Midlife contributors to socioeconomic differences in frailty during later life: a prospective cohort study

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Brunner , E J , Shipley , M J , Ahmadi-Abhari , S , Valencia Hernandez , C , Abell , J G , Singh-Manoux , A , Kawachi , I & Kivimaki , M 2018 , ' Midlife contributors to socioeconomic differences in frailty during later life: a prospective cohort study ' , The Lancet Public Health , vol. 3 , no. 7 , pp. e313-e322 . https://doi.org/10.1016/S2468-2667(18)30079-3

Title: Midlife contributors to socioeconomic differences in frailty during later life: a prospective cohort study
Author: Brunner, Eric J; Shipley, Martin J; Ahmadi-Abhari, Sara; Valencia Hernandez, Carlos; Abell, Jessica G; Singh-Manoux, Archana; Kawachi, Ichiro; Kivimaki, Mika
Contributor organization: Clinicum
Department of Public Health
University of Helsinki
Date: 2018-07
Language: eng
Number of pages: 10
Belongs to series: The Lancet Public Health
ISSN: 2468-2667
DOI: https://doi.org/10.1016/S2468-2667(18)30079-3
URI: http://hdl.handle.net/10138/238330
Abstract: Background Health inequalities persist into old age. We aimed to investigate risk factors for socioeconomic differences in frailty that could potentially be modified through policy measures. Methods In this multi-wave longitudinal cohort study (Whitehall II study), we assessed participants' socioeconomic status, behavioural and biomedical risk factors, and disease status at age 45-55 years, and frailty (defined according to the Fried phenotype) at baseline and at one or more of three clinic visits about 18 years later (mean age 69 years [SD 5.9]). We used logistic mixed models to examine the associations between socioeconomic status and risk factors at age 50 years and subsequent prevalence of frailty (adjusted for sex, ethnic origin, and age), with sensitivity analyses and multiple imputation for missing data. Findings Between Sept 9, 2007, and Dec 8, 2016, 6233 middle-aged adults were measured for frailty. Frailty was present in 562 (3%) of 16 164 person-observations, and varied by socioeconomic status: 145 (2%) person-observations had high socioeconomic status, 241 (4%) had intermediate status, and 176 (7%) had low socioeconomic status, adjusting for sex and age. Risk factors for frailty included cardiovascular disease, depression, smoking, high or abstinent alcohol consumption, low fruit and vegetable consumption, physical inactivity, poor lung function, hypertension, and overweight or obesity. Cardiometabolic markers for future frailty were high ratio of total to high-density lipoprotein cholesterol, and raised interleukin-6 and C-reactive protein concentrations. The five most important factors contributing to the frailty gradient, assessed by percent attenuation of the association between socioeconomic status and frailty, were physical activity (13%), interleukin-6 (13%), body-mass index category (11%), C-reactive protein (11%), and poor lung function (10%). Overall, socioeconomic differences in frailty were reduced by 40% in the maximally-adjusted model compared with the minimally-adjusted model. Interpretation Behavioural and cardiometabolic risk factors in midlife account for more than a third of socioeconomic differences in frailty. Our findings suggest that interventions targeting physical activity, obesity, smoking, and low-grade inflammation in middle age might reduce socioeconomic differences in later-life frailty. Copyright (c) 2018 The Author(s). Published by Elsevier Ltd.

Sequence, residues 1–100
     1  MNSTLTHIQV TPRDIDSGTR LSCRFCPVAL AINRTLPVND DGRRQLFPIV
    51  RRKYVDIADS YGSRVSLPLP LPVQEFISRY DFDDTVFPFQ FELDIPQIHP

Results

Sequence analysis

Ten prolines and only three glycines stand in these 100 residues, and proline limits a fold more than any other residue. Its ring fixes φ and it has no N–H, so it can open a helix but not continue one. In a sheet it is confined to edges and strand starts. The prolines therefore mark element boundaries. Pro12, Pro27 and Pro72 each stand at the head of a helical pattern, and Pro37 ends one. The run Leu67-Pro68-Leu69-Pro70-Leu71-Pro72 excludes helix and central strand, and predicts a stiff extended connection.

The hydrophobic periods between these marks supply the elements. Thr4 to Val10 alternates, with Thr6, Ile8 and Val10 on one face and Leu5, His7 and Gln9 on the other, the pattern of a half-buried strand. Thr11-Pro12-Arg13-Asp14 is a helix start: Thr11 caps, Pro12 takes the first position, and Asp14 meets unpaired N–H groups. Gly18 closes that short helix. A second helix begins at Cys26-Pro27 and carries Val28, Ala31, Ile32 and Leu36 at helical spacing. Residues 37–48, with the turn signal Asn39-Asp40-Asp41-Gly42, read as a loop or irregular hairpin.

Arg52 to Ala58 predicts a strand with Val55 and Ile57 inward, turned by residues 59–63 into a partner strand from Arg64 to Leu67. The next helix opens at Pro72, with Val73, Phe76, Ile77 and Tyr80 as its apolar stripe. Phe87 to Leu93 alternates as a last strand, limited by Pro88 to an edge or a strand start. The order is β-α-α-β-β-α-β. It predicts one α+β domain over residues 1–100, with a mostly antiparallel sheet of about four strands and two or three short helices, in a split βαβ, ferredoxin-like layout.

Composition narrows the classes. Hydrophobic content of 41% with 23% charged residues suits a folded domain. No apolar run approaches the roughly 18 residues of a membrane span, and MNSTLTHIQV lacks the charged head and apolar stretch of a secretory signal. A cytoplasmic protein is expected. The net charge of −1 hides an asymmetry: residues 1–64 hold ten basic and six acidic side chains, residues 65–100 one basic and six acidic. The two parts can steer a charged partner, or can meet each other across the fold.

Subject: 3142 Public health care science, environmental and occupational health
Peer reviewed: Yes
Rights: cc_by
Usage restriction: openAccess
Self-archived version: publishedVersion

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